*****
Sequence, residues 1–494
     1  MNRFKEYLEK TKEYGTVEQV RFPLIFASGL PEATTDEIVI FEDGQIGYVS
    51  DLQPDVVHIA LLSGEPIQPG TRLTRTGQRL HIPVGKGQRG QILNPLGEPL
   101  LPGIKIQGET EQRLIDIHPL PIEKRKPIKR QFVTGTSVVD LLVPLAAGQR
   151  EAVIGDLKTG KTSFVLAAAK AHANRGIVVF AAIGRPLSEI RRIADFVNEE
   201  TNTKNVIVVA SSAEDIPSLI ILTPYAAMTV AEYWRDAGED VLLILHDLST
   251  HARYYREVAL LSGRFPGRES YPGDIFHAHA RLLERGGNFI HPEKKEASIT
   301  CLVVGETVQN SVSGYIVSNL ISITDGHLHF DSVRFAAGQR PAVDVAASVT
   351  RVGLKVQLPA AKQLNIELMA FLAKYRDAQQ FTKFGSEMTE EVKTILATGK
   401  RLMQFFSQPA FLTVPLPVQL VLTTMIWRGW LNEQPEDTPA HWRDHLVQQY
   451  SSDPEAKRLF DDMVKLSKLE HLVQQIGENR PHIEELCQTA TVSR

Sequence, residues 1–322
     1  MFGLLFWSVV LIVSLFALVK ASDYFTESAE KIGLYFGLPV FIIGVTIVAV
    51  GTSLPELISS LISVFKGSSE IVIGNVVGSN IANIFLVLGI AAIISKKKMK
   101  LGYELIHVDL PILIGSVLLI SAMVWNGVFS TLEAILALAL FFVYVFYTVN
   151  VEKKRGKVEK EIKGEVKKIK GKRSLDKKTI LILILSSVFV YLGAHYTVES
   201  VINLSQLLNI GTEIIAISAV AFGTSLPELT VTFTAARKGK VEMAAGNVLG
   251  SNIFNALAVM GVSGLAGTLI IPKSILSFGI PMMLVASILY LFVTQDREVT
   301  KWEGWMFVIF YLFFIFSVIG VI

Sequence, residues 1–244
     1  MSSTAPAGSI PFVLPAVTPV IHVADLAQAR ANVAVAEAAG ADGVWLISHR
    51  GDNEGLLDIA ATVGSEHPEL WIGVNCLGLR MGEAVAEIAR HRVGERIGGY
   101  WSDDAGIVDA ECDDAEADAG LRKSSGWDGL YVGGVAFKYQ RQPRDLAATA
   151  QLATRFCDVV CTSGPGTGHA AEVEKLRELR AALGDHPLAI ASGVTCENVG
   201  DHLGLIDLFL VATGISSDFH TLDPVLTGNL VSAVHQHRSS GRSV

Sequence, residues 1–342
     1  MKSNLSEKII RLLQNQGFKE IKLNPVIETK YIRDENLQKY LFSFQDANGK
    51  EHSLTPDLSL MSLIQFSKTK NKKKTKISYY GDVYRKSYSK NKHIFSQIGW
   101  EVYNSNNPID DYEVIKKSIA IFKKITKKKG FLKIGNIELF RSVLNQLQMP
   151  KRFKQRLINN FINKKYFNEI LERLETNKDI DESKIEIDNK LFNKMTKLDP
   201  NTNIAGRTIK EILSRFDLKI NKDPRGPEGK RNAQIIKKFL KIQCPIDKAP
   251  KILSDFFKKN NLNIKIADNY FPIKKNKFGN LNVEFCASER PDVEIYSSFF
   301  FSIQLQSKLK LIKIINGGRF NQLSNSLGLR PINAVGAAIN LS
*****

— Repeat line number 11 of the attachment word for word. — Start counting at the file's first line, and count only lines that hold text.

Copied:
   451  SSDPEAKRLF DDMVKLSKLE HLVQQIGENR PHIEELCQTA TVSR